Britain will demand from Russia to extradite two Russians

Britain will demand from Russia to extradite two Russians

Britain will demand from Russia to extradite two Russians

"They joined the movement and actions of two Russians, from their arrival in Britain before the departure", - the newspaper notes.

The UK government is ready to submit the request to Russia to extradite two suspects Russians in case of poisoning as a Novice in Salisbury.

Former Russian agent Sergei Skripal and his daughter Yulia were found slumped on a bench in Salisbury after exposure to novichok on March 4.

Britain blamed Russian Federation for the poisonings and identified the poison as Novichok, a deadly group of nerve agents developed by the Soviet military in the 1970s and 1980s.

British officials blamed Russian Federation for the attack, but the Kremlin denied any involvement.

Diplomatic relations deteriorated in the wake of the Skripal case and could take a further downward turn if Russian Federation refuses to extradite the two people in question, a step it is unlikely to take. "They joined the movement and actions of two Russians from their entry to the United Kingdom prior to their departure", - said in the message. She had been in hospital for eight days. The Russian constitution prevents the extradition of Russian citizens to another state.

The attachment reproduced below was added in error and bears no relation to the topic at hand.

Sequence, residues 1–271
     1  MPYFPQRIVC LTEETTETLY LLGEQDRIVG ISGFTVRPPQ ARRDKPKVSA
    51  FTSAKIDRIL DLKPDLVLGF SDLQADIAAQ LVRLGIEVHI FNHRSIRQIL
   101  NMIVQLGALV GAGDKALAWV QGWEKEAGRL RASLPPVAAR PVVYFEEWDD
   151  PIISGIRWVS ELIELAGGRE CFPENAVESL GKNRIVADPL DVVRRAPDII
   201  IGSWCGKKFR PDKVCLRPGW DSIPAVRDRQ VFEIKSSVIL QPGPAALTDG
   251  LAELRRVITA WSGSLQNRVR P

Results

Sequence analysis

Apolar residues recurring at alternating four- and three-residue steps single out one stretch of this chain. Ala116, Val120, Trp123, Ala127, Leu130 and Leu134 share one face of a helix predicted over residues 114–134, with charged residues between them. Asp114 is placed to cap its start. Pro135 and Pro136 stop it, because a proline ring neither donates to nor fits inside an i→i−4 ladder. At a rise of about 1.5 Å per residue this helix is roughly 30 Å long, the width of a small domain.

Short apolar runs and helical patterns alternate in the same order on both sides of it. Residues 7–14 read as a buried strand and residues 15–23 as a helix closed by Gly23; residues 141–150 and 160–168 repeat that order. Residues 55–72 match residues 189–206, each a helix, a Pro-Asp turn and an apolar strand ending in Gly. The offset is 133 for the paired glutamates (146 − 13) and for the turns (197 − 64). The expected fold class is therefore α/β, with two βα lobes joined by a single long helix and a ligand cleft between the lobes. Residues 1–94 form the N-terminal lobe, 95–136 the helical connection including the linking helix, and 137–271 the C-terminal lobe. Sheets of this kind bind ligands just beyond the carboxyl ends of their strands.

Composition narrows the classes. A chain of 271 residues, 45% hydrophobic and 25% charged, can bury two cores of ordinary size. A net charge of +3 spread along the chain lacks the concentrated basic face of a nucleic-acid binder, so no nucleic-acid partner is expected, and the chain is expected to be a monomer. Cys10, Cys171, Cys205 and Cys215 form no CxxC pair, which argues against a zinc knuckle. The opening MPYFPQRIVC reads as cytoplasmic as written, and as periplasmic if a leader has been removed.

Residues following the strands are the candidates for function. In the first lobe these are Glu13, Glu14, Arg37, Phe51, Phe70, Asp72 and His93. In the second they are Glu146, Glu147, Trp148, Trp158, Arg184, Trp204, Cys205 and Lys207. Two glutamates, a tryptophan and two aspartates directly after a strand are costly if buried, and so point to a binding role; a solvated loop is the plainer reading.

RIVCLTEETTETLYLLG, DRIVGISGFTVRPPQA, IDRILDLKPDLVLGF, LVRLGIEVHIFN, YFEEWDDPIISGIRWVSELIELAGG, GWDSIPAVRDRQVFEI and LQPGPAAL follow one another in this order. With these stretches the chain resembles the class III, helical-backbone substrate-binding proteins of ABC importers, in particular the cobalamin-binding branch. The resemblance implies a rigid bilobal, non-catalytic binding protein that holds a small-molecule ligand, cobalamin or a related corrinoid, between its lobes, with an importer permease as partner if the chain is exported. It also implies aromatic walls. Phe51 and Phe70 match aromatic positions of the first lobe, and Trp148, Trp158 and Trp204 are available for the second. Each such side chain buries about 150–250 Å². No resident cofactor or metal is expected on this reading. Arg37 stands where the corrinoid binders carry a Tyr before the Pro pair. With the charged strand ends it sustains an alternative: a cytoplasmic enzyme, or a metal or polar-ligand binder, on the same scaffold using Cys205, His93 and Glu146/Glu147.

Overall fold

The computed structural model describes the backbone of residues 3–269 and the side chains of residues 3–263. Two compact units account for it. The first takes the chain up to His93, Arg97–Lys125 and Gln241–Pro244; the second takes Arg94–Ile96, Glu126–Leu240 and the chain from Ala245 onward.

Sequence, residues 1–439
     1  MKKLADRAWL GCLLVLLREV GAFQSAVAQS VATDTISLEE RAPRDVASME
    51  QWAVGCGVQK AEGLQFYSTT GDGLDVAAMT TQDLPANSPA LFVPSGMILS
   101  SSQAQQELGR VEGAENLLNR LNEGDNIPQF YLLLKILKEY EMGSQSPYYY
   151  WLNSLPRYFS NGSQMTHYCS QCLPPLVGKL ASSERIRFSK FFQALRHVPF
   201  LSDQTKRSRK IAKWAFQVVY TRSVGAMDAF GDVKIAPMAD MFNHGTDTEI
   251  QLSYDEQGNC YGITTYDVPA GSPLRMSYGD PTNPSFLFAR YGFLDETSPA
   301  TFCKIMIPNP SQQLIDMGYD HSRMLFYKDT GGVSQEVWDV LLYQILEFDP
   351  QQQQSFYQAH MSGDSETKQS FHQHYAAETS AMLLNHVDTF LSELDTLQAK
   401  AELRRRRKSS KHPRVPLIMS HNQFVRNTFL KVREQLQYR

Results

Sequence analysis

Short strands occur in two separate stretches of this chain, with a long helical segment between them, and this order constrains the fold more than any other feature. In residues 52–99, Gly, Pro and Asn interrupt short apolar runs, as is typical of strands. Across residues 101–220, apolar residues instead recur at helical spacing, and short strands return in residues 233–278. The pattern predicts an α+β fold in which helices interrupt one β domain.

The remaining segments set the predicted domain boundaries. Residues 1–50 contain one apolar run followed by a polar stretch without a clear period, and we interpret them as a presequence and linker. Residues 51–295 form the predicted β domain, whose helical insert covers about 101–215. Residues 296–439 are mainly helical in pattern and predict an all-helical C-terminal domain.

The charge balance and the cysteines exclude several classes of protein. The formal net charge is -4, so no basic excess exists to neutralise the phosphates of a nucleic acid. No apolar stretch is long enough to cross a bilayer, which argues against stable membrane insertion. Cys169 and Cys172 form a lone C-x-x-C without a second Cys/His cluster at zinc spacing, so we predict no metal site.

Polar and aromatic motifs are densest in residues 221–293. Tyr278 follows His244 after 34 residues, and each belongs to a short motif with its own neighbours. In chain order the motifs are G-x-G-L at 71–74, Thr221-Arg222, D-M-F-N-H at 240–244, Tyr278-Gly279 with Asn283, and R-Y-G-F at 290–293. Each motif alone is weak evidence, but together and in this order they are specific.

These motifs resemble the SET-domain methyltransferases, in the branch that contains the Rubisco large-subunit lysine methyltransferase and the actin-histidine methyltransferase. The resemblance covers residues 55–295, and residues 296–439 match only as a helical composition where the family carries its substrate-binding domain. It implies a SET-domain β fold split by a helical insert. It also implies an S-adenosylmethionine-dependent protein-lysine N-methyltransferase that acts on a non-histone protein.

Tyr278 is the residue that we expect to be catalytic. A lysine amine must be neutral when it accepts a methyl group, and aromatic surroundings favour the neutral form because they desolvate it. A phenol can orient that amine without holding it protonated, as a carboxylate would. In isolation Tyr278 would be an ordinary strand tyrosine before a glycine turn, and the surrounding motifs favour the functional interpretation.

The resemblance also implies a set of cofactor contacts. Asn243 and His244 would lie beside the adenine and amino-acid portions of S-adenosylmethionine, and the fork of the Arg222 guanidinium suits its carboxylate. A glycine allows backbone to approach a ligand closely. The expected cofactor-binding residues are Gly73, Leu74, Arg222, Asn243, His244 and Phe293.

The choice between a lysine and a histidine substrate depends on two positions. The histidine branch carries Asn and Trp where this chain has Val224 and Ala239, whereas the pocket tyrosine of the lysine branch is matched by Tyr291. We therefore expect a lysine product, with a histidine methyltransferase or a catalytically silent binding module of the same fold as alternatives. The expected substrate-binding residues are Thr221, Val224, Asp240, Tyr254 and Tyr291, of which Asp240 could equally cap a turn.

Russian officials refused to hand over the men wanted for the murder of Alexander Litvinenko with a rare radioactive isotope in 2006. Moscow has repeatedly denied any involvement and accused the British intelligence agencies of staging the attack to stoke anti-Russian hysteria.

They believe the bottle was then dropped somewhere in the city, where Charlie Rowley picked it up and gave it to his partner Dawn Sturgess, who died after apparently spritzing it on her wrist. Rowley recovered but Sturgess died. British police believe the Novichok attacks were carried out using perfume bottle sprays or smears placed directly on their doorknobs and other surfaces.

Government officials and prosecutors would not confirm details of the Guardian report when queried by dpa.

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